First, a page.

Dynamic Energy Storage
A unified energy management scheme offers many advantages in terms of power quality improvement, energy time frame shifting, intermittency handling etc in renewable energy integrated power systems. The performance of a distributed energy source integrated energy system depends on the regulation of DC link voltage, power quality, real power transfer such as reactive power support, current harmonic compensation, unity power factor operation etc. When DC-link voltages are subjected to transient conditions, it results in Slow-acting of the same which leads to issues like degradation of compensation performance, maximum power point shifting from operating point on renewable source side, failure in effective power management at DC link. That is why it is important to have an effective energy storage system which supports system operators and renewable energy producers.
Keeping in view the above perspective and issues, battery-supercapacitor units emerge as a solution for dynamic energy storage devices. In this simple energy management scheme, renewable energy source is connected with high-gain DC-DC converter. As energy storage device batteries and supercapacitors are used. They are also responsible for the required power flow in the system. And the power flow control between the utility grid and the energy storage device is done by a bidirectional buck-boost DC-DC converter. The voltage source converter is responsible for the real power exchange from renewable energy sources to the utility grid and to achieve the main function of real power transfer.
This proposed scheme has several advantages including fast DC link voltage regulation, effective energy management at DC link, inherent current limits for both supercapacitor and battery life etc. Another main feature is extended life span, less intensive and less effect of current stress on battery units.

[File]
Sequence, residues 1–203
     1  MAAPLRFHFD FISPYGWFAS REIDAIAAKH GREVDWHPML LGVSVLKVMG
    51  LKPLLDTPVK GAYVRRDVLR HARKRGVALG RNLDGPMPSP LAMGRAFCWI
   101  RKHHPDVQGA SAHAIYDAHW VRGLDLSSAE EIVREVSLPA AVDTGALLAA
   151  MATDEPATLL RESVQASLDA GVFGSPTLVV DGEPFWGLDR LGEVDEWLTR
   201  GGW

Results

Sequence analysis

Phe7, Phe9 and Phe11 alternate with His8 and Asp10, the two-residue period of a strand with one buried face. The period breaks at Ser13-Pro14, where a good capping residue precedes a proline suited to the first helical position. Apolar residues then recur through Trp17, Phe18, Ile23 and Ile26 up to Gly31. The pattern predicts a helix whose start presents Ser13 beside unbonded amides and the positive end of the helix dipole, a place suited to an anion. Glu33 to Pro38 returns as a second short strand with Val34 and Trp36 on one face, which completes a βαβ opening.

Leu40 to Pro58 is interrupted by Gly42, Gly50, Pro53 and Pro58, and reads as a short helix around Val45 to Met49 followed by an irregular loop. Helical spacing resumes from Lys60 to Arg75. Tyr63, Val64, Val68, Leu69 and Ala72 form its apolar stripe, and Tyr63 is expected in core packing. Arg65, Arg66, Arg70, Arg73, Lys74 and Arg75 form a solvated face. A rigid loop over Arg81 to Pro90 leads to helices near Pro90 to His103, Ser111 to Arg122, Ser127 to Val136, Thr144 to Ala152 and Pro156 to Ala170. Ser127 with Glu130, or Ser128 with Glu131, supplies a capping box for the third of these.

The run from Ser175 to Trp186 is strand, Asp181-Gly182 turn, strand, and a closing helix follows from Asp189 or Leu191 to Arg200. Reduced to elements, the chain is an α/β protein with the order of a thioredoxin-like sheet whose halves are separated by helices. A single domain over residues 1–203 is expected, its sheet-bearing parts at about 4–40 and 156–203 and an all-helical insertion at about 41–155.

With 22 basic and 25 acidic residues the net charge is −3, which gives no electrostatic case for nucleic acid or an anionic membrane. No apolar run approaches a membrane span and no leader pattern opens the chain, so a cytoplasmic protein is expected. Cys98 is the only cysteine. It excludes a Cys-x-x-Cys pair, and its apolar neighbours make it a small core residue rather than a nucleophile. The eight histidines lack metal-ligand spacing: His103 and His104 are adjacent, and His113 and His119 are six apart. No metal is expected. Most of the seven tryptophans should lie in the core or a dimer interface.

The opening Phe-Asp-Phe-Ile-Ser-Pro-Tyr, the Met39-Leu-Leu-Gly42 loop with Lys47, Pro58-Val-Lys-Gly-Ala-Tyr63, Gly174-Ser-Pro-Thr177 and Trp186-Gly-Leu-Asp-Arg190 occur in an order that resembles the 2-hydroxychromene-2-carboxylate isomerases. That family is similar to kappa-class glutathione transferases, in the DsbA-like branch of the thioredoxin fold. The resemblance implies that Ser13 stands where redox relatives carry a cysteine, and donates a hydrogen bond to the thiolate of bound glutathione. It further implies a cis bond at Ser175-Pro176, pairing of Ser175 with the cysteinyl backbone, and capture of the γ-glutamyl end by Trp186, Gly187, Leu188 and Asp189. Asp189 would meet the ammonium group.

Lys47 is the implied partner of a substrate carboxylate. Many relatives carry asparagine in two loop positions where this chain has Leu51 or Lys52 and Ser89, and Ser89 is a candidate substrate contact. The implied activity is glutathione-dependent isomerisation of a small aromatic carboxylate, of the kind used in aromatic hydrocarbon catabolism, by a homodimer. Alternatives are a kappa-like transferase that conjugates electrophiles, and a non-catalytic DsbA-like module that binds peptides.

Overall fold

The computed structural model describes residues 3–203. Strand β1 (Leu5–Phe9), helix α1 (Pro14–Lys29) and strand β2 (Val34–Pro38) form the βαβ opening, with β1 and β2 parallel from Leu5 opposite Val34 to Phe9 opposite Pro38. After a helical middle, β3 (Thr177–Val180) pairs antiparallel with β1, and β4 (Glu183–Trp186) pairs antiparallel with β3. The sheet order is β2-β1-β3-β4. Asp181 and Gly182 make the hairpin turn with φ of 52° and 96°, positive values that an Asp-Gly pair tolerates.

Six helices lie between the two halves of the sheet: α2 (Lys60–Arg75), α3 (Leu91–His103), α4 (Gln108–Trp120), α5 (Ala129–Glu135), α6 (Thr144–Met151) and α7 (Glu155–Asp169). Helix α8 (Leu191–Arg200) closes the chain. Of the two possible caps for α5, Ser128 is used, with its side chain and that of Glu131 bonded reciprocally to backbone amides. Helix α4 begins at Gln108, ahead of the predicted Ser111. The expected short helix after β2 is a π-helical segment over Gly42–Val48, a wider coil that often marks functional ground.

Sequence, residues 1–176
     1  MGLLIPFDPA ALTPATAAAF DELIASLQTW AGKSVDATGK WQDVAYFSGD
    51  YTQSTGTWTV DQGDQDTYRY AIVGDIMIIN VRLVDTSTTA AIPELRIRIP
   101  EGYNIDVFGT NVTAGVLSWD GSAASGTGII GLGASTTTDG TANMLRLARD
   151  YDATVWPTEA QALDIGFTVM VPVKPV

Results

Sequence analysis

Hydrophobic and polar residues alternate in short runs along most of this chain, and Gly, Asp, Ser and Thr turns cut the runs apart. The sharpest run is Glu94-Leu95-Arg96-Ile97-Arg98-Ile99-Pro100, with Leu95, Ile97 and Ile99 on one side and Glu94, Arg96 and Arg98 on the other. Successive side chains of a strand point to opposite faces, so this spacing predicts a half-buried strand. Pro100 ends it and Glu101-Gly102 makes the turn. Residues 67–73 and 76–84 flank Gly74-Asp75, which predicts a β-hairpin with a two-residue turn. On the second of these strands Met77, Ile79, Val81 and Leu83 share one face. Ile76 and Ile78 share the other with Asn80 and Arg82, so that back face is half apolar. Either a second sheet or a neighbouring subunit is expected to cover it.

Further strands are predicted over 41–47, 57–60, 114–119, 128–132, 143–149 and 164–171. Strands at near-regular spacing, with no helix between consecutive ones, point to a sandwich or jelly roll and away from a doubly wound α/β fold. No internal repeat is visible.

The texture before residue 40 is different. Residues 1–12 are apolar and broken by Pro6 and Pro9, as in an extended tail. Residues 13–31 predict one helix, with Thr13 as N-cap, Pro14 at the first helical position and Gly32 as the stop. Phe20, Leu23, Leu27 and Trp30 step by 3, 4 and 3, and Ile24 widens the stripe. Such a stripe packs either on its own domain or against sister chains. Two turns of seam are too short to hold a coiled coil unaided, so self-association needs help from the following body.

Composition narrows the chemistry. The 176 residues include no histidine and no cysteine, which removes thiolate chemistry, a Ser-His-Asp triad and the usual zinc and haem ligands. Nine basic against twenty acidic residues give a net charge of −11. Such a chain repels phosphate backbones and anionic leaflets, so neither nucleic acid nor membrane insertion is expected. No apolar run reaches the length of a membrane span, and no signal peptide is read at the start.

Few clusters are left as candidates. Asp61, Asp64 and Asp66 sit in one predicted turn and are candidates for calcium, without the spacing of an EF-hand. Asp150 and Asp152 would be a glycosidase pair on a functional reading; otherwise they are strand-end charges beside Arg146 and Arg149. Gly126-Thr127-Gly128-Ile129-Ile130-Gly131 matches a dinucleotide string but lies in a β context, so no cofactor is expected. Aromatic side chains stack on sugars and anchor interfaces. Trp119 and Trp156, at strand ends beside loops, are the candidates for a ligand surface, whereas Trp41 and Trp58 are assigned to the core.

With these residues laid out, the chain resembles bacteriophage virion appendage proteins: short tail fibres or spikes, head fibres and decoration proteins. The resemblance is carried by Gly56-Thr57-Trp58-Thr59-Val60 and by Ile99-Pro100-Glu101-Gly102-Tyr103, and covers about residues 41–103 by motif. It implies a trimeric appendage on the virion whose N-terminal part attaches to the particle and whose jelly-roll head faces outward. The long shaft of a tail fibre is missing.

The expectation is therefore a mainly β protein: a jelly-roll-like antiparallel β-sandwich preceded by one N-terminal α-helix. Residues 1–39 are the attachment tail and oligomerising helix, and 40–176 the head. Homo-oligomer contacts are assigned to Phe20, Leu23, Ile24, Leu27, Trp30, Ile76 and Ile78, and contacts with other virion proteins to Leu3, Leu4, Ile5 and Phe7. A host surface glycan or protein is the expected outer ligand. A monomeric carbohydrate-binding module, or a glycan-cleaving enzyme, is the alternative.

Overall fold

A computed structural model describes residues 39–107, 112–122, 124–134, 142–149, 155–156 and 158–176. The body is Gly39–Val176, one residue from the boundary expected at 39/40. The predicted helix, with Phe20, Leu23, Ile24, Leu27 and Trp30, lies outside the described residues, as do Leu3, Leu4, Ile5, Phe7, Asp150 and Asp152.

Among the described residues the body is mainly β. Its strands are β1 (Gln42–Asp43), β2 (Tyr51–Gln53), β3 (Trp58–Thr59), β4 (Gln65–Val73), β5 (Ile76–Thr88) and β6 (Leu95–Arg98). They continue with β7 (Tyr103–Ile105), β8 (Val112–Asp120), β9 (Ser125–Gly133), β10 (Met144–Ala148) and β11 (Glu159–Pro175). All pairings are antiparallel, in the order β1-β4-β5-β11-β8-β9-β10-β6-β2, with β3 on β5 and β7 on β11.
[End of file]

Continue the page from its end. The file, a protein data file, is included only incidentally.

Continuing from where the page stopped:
Advanced data analytics, complex system theory, optimization algorithms, and nonlinear controls are some of the technical areas to achieve an autonomous energy grid as shown in Figure 8.
The data analytics based renewable energy forecasting methods have a vital role in the modern industrial system. Large volumes of heterogeneous data on the electric grid are collected, stored and analyzed with the help of smart meters, sensors, smart home energy management systems etc using data management techniques. Big data analytics have the ability to collect, store, manage and efficiently process these data using data mining algorithms or machine learning algorithms. The four main steps in this process are data collection, data communication, data analysis and finally data processing. Fault detection and location, output forecasting, protection, operation and maintenance are some of the major applications of data analytics. Neural network, k-means, and support vector machine are the typical data analytics methods which are widely used.
Optimization methods of the autonomous energy grid can be divided into planning, operations and interactions with ICT infrastructure. Control, optimization and monitoring have to be done in real time and decentralized manner using advanced mathematical models and algorithms. The combined operation of distributed optimization methods and information infrastructures are needed for the exchange of performance between algorithm and data volume.